Acting as a bridge, the new Fate of the Jedi series (along with its predecessor, Legacy of the Force) closes the gap between the epic Yuuzhan Vong War and the later Legacy graphic novels from Dark Horse.
The second volume in the series, and penned by the prolific (in the genre fiction range at least) Christie Golden, Luke who is banished from the Jedi order by the edict of Chief of State Daala, must search for clues behind Jacen Solo's descent to the Dark Side.
The first volume saw Luke and his (slightly older now, at 16) son Ben travel to remote Dorin to find out the techniques Jacen Solo learned from the Baran Do sages (made up exclusively of Kel Dor). They get their clues and manage to poke holes in the unusual practices of the sages,
Here, in the second book, Luke and Ben travel to the isolated and little understood Aing-tii, a race of mysterious Force users. Chief of the abilities they try to discern is the way of flow-walking. Conlict develops between Ben and Luke due to Ben's insistence to learn the technique. Meanwhile, we learn about an isolated tradition of the Sith, cut off from the galaxy for some 5000 years, and more Jedi succumb to madness.
Golden's narrative is readable enough, and there were no glaring issues I could find for the characters. That being said, I think Golden's dialogue for Amelia (Allana, daghter of Tenel Ka and Jacen Solo) succumbs to the downfall of many writers when handling children: the dialouge is unconvincing. I think the problem is one of word choice: children have specific ways and word choices when talking, and I don't think Golden nails it. In the book when Amelia has any meaningful dialogue, she sounds like a naive adult, rather than a child.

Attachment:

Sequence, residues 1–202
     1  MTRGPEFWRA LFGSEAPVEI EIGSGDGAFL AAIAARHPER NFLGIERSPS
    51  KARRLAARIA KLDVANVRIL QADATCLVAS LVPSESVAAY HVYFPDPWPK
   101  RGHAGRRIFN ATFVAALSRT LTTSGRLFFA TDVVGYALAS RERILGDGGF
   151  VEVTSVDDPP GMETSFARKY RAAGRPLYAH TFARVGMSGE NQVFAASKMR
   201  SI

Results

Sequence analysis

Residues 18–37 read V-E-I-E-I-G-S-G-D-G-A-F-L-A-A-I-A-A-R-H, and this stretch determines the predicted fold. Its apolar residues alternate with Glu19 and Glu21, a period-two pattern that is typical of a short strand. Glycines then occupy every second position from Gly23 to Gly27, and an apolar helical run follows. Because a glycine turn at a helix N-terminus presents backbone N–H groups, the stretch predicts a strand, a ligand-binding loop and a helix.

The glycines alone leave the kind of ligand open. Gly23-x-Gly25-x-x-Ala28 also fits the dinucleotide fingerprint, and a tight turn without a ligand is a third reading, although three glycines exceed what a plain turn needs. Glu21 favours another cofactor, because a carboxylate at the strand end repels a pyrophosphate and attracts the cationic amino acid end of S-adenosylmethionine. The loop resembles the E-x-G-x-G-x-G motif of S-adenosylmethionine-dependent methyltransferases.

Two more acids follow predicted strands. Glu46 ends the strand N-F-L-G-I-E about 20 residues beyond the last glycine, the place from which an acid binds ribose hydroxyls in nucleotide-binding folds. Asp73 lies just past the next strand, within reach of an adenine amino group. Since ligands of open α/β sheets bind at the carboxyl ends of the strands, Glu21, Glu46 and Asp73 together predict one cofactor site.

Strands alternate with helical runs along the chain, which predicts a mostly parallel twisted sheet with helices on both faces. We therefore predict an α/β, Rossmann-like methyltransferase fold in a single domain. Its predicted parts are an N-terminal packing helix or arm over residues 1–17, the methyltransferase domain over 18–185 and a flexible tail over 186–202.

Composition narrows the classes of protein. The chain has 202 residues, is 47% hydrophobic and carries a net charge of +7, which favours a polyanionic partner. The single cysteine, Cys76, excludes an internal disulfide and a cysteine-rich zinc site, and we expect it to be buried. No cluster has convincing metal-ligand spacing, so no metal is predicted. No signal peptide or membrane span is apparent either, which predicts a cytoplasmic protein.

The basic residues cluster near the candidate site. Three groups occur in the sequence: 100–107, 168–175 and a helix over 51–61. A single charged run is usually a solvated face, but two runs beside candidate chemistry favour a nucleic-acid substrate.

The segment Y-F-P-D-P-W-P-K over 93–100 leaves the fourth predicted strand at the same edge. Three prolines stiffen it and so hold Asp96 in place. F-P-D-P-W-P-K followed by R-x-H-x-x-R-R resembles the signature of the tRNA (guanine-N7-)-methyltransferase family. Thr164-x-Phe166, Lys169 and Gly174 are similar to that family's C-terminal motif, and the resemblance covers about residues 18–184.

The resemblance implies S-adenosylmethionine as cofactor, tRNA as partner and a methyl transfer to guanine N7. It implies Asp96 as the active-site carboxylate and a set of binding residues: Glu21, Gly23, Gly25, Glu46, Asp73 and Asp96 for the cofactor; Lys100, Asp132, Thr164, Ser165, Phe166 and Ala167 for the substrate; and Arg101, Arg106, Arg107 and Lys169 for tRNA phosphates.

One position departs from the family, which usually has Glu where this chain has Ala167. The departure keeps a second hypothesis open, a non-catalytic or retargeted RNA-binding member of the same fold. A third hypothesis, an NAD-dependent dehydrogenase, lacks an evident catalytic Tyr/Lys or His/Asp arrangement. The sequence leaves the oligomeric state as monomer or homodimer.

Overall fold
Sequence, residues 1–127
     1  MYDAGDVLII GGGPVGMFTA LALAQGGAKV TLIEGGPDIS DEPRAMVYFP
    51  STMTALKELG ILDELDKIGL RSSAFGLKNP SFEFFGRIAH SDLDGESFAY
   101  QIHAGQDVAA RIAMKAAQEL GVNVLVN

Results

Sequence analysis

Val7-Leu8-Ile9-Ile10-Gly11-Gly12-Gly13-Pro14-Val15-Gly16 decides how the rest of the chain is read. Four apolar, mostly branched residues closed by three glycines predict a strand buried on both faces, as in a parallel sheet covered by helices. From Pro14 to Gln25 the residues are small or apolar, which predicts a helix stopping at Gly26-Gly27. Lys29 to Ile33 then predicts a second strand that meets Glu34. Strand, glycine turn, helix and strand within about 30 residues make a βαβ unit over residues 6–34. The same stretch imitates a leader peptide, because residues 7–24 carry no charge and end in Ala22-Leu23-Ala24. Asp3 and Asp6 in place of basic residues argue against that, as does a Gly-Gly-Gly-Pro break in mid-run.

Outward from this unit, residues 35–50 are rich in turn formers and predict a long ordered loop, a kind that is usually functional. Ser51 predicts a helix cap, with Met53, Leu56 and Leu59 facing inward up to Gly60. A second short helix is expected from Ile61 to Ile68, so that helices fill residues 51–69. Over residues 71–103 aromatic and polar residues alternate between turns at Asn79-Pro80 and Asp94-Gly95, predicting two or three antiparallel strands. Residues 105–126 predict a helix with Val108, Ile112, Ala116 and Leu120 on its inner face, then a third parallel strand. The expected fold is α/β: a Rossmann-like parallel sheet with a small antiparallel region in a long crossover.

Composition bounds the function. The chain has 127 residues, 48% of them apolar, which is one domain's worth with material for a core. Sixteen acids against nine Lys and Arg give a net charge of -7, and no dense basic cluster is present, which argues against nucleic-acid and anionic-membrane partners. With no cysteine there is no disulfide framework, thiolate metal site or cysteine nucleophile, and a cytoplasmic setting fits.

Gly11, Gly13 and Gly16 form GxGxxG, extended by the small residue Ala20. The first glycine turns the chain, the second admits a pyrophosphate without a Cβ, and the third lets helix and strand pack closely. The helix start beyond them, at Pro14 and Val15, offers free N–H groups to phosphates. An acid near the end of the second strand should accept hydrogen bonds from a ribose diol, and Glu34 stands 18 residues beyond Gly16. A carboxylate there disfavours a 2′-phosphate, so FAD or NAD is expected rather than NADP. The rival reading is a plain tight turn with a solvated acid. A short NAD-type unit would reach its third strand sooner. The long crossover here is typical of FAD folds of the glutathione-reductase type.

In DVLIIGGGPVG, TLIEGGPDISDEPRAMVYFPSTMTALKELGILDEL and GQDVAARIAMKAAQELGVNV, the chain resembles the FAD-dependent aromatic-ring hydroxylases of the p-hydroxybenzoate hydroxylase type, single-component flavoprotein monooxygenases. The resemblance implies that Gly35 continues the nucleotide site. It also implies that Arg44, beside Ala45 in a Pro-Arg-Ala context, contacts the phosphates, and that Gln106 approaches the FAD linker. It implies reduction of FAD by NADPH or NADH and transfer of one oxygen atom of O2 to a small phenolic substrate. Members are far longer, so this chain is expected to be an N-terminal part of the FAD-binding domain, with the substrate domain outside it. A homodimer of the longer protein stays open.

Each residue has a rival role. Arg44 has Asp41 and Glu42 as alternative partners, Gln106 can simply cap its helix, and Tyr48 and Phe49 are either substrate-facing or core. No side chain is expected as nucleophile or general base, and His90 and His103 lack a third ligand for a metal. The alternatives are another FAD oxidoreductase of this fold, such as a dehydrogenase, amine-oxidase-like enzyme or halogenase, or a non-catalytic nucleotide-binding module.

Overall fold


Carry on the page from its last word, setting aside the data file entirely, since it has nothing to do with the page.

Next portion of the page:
One really jarring element to the book is the character Bazel Warv. In the previous book's preview excerpt, Bazel was described as a Gammorean. At the time I felt this was a very unusual choice, but went with it with the assumption that there would be a lot of meat to character, such as would be expected when the character is so unconventional as being a Gammorean. When Omen finally hit the shelves, the race had been changed to a Ramoan. While the Wiki suggests that Ramoans are distantly related to Gammoreans, this change did not sit well with my expectations of Golden's handle on the universe. Luckily the character was mosty disposable, and quickly shuffled to the sidelines.
In the end, I didn't dislike the book, but in my opinion it was not quite as good as the previous installment. That might just be that I'm a Kel Dor fanboy (ever since playing a Kel Dor Jedi in our KotOR Star Wars RPG campaign), but nonetheless...